Coping with the aftermath of violence for GBV, what’s the way forward

By Lydia Atieno 

Many times, when there is a case where a victim of  Sexual and Gender-Based Violence is affected, people are most likely to focus more on what the experience of such a victim was like. 

The aftermath period tends to be forgotten, yet experts believe this is the most crucial part when it comes to helping victims recover.

Different studies have revealed that those who experience mental health challenges as a result of GBV are three times more likely to have suicidal thoughts or complete suicide, especially if they don’t get mental support after the incident.

A 45-year-old Alice (not real name) was only a teenager when the genocide started. She was captured and taken to the Democratic Republic of the Congo where she was held hostage and raped on many accounts, as she recalls. As a result, she ended up pregnant and later returned back home after giving birth. 

She attributes her recovery to a Charity Martial Arts for Justice initiated Enhanced Resilience Training (ERT), a unique and proven method of mind and body training that helps reset the nervous system after experiencing trauma, subsequently leading to healing. 

The initiative was introduced in Rwanda early this year to the Association des Veuves du Genocide – AVEGA AGAHOZO, by Master Dean Siminoff, who is the president of the initiative (Charity Martial Arts for Justice). 

“I suffered from depression as it was hard to accept the reality and I lived like that for a long time. After joining the training, this is when I started finding solace thus starting my recovery journey,” she says.

Meanwhile, in Rwanda, there are about 2,000 clinical psychologists fully trained to handle different mental disorders. Nurses and psychiatrists are also trained in mental health disorders.

In every District, there is at least one psychologist; in total, there are 28 physiologists in all 30 Districts.

Whereas in every referral hospital, there is also one psychologist and with every health center there are three psychologists as well.

How to cope

Emmanuella Mahoro, a Kigali-based psychologist says when it comes to rape, for instance, it is a traumatic event, adding that it can have a huge effect on the victim’s life if they don’t get the right support needed. 

For such victims, she says, it is common to feel confused, scared, guilty, numb, angry, or sad, and that most importantly, they may feel like withdrawing from others. 

“Recovering from rape can be long and difficult, there is a need for one to be patient with themselves. Each person has their own way of coping and healing,” she says.  

Depending on one’s way of recovering, Mahoro advises that there is a need for seeking support from people around you. These people, she says, should be in a position to offer comfort without blame or control, and that it is good to have a mix of support people.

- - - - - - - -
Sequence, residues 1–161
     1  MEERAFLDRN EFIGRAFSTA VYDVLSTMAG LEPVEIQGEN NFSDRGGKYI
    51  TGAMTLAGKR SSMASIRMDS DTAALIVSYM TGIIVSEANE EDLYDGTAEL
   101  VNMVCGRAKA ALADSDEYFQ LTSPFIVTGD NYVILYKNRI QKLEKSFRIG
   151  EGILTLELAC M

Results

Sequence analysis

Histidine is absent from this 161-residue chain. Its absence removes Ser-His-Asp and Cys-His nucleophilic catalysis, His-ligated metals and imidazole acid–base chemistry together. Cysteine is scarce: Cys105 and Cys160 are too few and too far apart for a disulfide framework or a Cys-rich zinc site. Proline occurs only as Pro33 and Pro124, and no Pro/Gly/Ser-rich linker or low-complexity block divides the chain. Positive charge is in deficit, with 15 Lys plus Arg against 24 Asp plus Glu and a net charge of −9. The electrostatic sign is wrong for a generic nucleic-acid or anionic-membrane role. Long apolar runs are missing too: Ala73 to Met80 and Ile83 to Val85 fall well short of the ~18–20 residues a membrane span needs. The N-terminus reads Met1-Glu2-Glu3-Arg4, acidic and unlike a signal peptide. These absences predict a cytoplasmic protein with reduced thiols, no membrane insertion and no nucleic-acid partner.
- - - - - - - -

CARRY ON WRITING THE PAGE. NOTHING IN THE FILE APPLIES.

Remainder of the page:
“They can help you in various ways including dealing with intense emotions, as well as helping with tasks or childcare,” she adds.

Sylvester Twizerimana, a psychologist and counselor at Anglican Church of Rwanda in Rubavu District believes that for such victims, considering counseling can be of great help. 

He says that one may consider joining a rape crisis center as it can be a good source of support for them. 

“Such centers usually offer therapy, support groups, and other help. It is also essential to find a therapist who works with people who have been sexually assaulted,” he says.  

He adds that since rape can trigger many difficult feelings, counseling is important to help the victims recover. 

 Understanding the Rights of SGBV victims 

GBV has been criminalized in Rwanda since 2008 and is currently under Law No 68/2018 of 30/08/2018, which defines four types of GBV. This includes bodily, economic, sexual, and psychological.

Further, punishments for child abandonment due to gender, marital rape, sexual violence, and harassment of a spouse are outlined. Rwanda has also ratified various international conventions which highlight fundamental human rights and mostly against GBV acts, conventions like international convention Civil and Political Rights of 19 December 1966 ratified by the Presidential Order n° 8/75of 12/02/1975.

According to Venuste Kagabo, partner at Fidelis Law Chambers Accredited professional Court Mediator A member of Rwanda Bar Association believes that victims of SGBV have the right to claim civil damages against the suspects when they are convicted by the court.  

“When a suspect is taken at Rwanda Investigative Bureau (RIB), they will make investigations and make a report to the prosecution, NPPA will also analyze the case when it is found relevant, the case will be submitted in court for trial, in court the victims will be assisted to claim the civil and moral damages as well,” he says.

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